New law gives police more tools to stop animal fighting

Photo courtesy of the American Society for the Prevention of Cruelty to Animals.

Gov. Andrew Cuomo has signed legislation that allows judges to issue an electronic surveillance warrant for the investigation of animal fighting.

This bill (S.611/A.2806) makes animal fighting a designated offense for the issuance of a video surveillance or eavesdropping warrant.

Animal fighting often requires that multiple individuals use phone and web-based communication devices.

Under the previous law, law enforcement was not able to obtain electronic surveillance warrants to investigate dog fighting activities.

“This is a particularly cruel and heinous crime, and we must use every tool at our disposal to stamp out these despicable acts once and for all,” said Cuomo. “This legislation will give law enforcement new powers to crack down on these rings, protect animals from harm and bring these criminals to justice.”

This legislation was introduced in January by Sen. Phil Boyle, R-Bay Shore, and Assemblyman Charles Lavine, D-Glen Cove.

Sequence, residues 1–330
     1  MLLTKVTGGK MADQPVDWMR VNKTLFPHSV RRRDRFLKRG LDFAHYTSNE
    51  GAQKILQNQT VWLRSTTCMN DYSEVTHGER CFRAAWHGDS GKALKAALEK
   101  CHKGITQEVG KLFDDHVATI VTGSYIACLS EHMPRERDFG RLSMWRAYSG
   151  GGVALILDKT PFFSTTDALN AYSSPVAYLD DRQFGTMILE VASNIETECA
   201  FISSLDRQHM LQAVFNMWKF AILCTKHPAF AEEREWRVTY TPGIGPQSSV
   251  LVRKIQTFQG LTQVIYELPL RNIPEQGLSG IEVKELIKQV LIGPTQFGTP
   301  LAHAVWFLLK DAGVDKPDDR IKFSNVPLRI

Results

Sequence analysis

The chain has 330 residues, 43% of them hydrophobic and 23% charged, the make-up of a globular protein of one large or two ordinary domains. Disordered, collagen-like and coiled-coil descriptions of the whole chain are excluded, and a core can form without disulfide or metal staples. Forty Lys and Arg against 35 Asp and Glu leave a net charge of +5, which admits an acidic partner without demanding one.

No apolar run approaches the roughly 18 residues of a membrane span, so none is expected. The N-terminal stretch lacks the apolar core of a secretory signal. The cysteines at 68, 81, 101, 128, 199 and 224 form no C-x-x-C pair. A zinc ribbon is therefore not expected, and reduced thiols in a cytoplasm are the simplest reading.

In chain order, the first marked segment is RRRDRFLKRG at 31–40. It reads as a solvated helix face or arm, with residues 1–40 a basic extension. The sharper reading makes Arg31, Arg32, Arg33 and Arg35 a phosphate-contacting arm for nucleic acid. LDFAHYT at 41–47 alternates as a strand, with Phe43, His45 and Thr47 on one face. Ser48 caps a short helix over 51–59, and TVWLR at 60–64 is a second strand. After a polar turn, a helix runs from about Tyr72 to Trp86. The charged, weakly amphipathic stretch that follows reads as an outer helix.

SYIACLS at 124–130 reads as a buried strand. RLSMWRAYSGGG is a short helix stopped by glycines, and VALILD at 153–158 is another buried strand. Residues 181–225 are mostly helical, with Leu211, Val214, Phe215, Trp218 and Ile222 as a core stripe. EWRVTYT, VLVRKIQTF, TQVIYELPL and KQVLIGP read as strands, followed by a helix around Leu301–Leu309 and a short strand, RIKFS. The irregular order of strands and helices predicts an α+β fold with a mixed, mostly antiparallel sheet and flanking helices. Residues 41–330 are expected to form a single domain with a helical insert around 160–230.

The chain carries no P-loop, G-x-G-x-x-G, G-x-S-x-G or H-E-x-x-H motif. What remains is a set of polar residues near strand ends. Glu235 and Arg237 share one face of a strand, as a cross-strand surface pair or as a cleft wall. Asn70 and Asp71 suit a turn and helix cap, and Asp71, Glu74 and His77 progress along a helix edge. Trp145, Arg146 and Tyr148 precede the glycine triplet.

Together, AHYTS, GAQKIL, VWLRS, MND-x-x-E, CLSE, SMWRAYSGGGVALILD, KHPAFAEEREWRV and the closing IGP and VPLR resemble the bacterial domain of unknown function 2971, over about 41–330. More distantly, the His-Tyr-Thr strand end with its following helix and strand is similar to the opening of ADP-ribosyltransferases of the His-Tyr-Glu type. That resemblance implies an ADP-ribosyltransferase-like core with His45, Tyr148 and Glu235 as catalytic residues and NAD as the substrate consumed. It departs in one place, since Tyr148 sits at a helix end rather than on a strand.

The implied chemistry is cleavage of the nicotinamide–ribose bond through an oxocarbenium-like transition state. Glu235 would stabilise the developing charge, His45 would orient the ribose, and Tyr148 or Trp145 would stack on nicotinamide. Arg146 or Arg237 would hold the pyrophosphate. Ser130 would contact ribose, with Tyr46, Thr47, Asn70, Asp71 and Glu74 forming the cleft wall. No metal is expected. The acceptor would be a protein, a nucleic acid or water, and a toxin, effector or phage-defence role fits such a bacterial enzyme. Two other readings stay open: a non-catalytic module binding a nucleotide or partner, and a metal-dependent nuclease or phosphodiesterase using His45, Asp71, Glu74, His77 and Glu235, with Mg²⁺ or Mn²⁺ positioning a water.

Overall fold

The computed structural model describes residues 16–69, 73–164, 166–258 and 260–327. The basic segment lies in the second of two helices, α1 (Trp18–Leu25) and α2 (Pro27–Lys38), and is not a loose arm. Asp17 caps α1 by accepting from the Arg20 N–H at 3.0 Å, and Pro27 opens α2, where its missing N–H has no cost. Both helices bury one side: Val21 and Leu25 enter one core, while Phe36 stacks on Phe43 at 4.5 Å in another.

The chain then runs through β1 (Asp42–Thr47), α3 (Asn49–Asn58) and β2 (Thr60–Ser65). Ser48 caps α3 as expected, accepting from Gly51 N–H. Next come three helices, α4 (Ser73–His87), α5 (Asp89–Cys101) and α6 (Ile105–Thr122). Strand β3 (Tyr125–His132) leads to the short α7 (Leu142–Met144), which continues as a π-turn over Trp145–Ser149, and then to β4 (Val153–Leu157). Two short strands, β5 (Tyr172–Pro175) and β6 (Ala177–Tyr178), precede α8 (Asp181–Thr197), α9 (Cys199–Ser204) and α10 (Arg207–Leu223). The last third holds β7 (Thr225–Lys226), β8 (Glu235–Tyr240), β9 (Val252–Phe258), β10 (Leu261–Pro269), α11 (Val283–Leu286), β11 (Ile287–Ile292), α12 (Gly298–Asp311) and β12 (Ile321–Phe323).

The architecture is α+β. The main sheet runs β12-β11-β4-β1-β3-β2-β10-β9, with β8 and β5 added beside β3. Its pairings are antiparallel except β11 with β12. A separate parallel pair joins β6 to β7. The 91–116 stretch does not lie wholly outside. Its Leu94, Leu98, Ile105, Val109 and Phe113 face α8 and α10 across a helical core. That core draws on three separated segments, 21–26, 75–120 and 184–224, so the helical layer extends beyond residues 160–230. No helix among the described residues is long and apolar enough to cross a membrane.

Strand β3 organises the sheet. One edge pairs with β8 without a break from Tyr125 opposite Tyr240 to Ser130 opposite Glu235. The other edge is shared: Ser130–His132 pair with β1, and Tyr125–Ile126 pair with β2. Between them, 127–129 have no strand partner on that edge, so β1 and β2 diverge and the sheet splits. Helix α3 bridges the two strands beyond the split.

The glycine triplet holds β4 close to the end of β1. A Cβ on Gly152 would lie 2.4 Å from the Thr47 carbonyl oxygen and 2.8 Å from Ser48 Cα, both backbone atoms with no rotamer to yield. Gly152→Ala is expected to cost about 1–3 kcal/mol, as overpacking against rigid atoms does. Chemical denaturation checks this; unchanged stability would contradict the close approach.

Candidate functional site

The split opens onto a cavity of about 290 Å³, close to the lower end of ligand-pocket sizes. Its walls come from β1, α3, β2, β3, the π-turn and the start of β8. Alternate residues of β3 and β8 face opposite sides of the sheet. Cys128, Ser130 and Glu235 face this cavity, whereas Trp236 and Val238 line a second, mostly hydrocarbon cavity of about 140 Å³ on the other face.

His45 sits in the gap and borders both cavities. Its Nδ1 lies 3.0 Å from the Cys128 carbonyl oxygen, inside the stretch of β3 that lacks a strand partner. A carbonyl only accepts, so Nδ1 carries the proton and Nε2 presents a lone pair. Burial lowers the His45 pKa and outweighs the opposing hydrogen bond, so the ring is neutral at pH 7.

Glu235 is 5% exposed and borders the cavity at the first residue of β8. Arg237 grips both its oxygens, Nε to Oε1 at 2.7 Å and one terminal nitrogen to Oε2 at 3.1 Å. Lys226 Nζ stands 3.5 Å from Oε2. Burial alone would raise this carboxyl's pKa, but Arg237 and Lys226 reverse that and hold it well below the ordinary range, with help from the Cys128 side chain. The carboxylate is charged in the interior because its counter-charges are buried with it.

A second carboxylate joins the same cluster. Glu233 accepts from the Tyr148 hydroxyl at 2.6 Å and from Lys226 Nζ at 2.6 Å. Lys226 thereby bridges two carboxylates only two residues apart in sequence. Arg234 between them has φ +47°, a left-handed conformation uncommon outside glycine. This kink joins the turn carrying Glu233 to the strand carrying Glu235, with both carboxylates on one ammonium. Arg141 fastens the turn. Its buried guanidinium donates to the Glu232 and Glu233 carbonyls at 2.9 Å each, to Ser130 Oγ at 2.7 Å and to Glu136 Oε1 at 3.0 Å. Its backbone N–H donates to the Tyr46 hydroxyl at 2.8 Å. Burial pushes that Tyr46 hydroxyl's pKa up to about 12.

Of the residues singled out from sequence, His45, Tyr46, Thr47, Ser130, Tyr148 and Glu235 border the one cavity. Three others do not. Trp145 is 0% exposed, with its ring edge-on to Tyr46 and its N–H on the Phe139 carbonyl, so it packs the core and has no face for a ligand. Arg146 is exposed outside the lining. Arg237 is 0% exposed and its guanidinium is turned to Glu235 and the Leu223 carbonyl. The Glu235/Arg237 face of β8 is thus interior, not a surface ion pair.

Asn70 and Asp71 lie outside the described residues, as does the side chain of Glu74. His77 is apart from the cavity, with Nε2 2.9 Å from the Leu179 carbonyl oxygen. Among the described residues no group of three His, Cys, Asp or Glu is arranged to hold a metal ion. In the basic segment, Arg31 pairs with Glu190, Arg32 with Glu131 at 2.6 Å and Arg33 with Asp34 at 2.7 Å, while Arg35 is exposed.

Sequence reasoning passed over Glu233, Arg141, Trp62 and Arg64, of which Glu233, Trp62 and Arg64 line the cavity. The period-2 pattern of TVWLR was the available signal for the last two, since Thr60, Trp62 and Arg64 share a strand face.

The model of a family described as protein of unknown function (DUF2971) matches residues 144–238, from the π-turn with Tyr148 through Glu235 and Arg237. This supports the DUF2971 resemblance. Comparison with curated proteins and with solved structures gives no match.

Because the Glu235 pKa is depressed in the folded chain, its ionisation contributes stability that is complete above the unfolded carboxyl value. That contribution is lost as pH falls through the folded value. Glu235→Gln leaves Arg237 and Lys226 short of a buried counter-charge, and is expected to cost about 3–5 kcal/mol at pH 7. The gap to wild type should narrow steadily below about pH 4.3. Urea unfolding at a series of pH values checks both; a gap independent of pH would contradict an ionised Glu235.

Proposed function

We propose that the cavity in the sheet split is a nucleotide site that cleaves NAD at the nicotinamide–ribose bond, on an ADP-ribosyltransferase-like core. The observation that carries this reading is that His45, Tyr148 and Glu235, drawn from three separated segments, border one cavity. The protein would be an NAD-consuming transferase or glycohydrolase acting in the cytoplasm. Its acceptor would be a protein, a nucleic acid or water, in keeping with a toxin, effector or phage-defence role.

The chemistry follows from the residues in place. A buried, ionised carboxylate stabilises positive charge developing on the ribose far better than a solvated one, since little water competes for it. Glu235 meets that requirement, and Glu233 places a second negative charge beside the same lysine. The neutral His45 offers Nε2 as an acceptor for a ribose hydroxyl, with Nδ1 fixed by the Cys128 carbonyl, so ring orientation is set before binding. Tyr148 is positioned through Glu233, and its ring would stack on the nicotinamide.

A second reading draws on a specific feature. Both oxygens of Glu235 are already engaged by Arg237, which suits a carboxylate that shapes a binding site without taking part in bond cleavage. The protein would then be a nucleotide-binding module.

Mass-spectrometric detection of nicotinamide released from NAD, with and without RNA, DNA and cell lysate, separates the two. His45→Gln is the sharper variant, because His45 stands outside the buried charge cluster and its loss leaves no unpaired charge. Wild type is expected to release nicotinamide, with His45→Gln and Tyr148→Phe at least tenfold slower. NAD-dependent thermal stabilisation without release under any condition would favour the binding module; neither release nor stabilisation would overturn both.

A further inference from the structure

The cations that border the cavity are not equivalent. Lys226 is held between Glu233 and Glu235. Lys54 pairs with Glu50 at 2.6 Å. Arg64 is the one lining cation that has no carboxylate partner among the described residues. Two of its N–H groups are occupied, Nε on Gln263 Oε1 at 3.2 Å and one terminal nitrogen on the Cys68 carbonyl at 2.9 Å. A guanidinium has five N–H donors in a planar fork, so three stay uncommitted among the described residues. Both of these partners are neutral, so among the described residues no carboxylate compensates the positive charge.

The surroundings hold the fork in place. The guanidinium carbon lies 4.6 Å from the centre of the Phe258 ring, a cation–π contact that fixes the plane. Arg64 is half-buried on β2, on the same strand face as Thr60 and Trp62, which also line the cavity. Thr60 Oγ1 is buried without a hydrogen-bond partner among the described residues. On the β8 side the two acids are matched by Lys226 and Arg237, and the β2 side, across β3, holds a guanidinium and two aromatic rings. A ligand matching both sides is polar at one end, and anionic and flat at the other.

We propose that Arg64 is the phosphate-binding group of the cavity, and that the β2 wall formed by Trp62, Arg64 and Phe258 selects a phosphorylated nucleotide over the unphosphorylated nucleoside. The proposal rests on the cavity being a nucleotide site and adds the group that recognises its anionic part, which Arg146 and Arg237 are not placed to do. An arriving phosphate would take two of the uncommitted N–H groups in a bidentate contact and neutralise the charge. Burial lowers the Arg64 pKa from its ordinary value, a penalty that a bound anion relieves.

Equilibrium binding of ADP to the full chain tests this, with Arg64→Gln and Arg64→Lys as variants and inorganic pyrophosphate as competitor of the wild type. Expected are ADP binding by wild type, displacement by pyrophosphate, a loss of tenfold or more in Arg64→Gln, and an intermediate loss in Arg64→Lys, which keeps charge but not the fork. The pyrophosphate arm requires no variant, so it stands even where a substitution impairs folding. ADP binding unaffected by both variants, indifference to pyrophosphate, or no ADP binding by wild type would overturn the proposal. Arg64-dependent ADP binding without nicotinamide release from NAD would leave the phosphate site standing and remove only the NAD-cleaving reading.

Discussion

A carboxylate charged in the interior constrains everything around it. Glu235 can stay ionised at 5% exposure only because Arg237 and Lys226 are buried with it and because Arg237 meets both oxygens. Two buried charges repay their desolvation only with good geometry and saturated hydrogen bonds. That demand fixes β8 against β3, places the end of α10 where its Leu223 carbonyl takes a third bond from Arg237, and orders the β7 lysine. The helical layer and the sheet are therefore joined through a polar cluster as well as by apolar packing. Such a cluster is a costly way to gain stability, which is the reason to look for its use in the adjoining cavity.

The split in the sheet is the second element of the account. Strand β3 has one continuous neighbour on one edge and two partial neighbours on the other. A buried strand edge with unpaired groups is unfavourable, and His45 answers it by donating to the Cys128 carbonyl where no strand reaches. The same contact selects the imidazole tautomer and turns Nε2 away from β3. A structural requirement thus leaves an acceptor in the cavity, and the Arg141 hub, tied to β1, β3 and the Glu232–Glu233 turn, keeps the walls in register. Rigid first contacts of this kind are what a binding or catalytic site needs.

Violence against animals has long been linked to violence against humans.

There are also often links between animal fighting, especially dog fighting, and other forms of organized crime such as narcotics and weapons trafficking.

Dog fighting alone is estimated to be a billion dollar underground industry in the United States which accounts for a third of the global dog fighting economy.

“Animal fighting fuels some of the most violent enterprises that corrupt our neighborhoods, and many people did not know that animal fighting was not eligible for a warrant to conduct electronic surveillance,” said Boyle. “Apart from the well-established social science link between violence against animals and violence against people, law enforcement throughout the state has seen first-hand that vigorous investigations and prosecutions of animal fighting exposes gang networks, narcotics rings, weapons trafficking activity, and other sophisticated and violent criminal enterprises. I applaud Governor Cuomo for signing this measure into law.”

Lavine also praised Cuomo for signing the legislation he introduced.

“Those who profit from cruel animal fighting must be held accountable to the fullest extent of the law, and with the crime dependent on organized networks, the use of wiretaps and surveillance video is absolutely necessary to protect the public,” said Lavine. “This legislation will help end this barbaric practice, and we should all be very appreciative that Governor Cuomo is signing this into law.”